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Justice v. State

State of New York Supreme Court, Appellate Division Third Judicial Department


October 22, 2009

JOHN D. JUSTICE, APPELLANT,
v.
STATE OF NEW YORK, RESPONDENT.

The opinion of the court was delivered by: Rose, J.

MEMORANDUM AND ORDER

Calendar Date: September 9, 2009

Before: Peters, J.P., Rose, Lahtinen, Kane and Malone Jr., JJ.

Appeal from an order of the Court of Claims (Collins, J.), entered December 3, 2008, which granted defendant's cross motion to dismiss the claim for failure to state a cause of action.

Claimant was acquitted by reason of mental disease or defect in the killing of two persons (People v Justice, 173 AD2d 144 [1991]), but sentenced to prison upon his conviction of manslaughter for the killing of two others (People v Justice, 202 AD2d 981 [1994]). When he was released on parole in 2005, an order of conditions (hereinafter the order) was imposed (see CPL 330.20 [12]). Claimant violated his parole and, in July 2007, he was again imprisoned. After pursuing other proceedings regarding his status under the order, claimant commenced this action alleging that the Commissioner of Mental Health had failed to take statutorily mandated actions regarding his written service plan (hereinafter the plan), and that those omissions cause him fear and anxiety. When claimant moved for summary judgment, defendant cross-moved to dismiss the claim for failure to state a cause of action. Finding that a key factual issue -- namely, whether the plan was incorporated into the order -- had been previously decided in the Commissioner's favor, the Court of Claims granted defendant's cross motion and dismissed the claim. Claimant now appeals.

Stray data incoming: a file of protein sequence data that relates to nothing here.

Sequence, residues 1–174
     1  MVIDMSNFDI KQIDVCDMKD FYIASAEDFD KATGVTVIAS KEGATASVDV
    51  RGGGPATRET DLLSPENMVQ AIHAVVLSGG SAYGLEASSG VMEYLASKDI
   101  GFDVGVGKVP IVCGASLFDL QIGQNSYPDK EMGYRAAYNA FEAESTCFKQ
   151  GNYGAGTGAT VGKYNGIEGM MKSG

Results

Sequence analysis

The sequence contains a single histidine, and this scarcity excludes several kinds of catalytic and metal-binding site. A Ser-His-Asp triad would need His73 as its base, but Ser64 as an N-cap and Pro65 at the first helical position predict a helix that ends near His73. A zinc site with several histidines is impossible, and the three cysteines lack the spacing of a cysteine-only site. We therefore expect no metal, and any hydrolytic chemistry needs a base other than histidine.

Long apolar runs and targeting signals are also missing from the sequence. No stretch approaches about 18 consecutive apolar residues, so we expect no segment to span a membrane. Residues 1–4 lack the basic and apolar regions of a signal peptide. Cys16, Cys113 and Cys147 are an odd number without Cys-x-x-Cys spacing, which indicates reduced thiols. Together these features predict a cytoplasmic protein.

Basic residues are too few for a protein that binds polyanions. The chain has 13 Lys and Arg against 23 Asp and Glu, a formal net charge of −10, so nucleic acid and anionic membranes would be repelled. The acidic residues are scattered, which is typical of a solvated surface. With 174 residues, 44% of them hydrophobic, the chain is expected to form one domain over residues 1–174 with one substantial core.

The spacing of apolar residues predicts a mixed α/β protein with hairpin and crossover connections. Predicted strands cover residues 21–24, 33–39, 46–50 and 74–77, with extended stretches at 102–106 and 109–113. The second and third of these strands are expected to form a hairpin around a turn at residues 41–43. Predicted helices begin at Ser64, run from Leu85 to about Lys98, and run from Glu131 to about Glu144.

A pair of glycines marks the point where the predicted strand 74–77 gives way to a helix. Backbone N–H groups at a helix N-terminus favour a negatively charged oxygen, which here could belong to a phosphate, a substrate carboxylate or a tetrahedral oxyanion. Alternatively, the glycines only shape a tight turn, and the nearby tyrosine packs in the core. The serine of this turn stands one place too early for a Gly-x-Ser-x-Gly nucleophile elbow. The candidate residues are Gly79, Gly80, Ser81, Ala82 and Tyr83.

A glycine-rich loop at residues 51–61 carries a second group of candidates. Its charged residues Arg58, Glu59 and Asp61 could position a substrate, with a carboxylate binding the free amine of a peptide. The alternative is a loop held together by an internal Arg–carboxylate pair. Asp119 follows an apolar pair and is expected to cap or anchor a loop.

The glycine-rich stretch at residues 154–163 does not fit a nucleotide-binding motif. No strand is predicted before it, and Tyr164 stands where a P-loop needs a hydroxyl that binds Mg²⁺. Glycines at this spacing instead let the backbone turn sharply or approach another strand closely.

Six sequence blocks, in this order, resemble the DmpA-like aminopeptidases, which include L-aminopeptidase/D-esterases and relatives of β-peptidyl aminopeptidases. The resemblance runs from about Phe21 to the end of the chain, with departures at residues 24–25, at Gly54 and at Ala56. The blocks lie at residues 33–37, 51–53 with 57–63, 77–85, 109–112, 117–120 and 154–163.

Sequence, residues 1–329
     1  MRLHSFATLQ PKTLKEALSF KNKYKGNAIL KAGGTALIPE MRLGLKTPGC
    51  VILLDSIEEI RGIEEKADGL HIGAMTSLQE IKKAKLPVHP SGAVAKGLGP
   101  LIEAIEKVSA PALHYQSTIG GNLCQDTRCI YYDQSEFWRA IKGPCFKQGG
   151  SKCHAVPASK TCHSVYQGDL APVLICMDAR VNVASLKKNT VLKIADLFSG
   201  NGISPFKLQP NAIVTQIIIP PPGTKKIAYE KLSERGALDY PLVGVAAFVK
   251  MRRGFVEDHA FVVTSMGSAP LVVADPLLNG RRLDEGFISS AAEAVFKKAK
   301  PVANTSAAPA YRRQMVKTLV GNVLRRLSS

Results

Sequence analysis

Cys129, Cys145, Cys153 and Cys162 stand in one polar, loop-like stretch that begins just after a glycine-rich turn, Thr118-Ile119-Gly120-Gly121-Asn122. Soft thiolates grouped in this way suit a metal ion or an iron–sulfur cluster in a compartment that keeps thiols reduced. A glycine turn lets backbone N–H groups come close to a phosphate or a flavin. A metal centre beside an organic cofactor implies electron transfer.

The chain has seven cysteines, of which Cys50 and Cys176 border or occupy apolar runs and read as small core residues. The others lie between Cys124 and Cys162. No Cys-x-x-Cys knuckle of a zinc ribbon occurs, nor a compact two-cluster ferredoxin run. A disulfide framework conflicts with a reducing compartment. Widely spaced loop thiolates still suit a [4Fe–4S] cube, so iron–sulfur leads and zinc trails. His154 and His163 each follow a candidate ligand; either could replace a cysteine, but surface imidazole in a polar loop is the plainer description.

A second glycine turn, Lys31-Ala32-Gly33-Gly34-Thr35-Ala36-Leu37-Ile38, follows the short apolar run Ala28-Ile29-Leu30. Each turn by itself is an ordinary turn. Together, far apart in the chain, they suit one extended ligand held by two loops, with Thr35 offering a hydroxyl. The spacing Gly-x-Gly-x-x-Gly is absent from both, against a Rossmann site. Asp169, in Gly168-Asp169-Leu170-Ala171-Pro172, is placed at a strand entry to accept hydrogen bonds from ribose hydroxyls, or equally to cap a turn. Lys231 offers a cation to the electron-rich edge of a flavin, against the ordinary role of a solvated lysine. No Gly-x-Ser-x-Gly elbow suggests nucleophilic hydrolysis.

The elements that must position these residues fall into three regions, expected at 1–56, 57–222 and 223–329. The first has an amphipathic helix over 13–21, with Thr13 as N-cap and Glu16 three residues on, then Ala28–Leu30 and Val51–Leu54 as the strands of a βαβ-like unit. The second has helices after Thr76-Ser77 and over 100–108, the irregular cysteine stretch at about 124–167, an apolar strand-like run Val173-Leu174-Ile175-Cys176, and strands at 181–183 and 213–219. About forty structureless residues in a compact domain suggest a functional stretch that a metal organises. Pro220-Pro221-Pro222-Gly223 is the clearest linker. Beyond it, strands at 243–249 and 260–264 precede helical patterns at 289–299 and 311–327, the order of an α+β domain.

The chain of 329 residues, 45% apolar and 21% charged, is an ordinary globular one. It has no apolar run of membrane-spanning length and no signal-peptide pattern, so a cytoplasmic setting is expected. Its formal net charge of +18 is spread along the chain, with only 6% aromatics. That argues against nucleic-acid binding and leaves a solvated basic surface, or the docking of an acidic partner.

As claimant correctly points out, the Court of Claims misconstrued his claim and, in its decision, focused solely on his allegation that the Commissioner failed to incorporate the plan into the order. While claimant's pleading contains that allegation, his cause of action is based on the separate allegation that later, "[f]rom January 24, 2008, [he] has suffered under the negligence of [defendant]" due to the Commissioner's failure to determine whether he is receiving the services contemplated in the plan and whether he is in compliance on the plan. Claimant further alleges that these omissions have caused him "worry, fear and doubt [that] have wreaked havoc with [his] physical health." When his pleading is liberally construed to determine "whether the facts as alleged fit within any cognizable legal theory" (Leon v Martinez, 84 NY2d 83, 87-88 [1994]), it can be read as stating a cause of action for negligent infliction of emotional distress (see generally Johnson v State of New York, 37 NY2d 378 [1975]; Battalla v State of New York, 10 NY2d 237 [1961]; compare Moore v Melesky, 14 AD3d 757, 761 [2005]). Inasmuch as the Court of Claims did not reach claimant's motion for summary judgment, we will remit the matter for consideration of the merits of that motion.*fn1

Peters, J.P, Lahtinen, Kane and Malone Jr., JJ., concur.

ORDERED that the order is reversed, on the law, without costs, cross motion denied, and matter remitted to the Court of Claims for further proceedings not inconsistent with this Court's decision.


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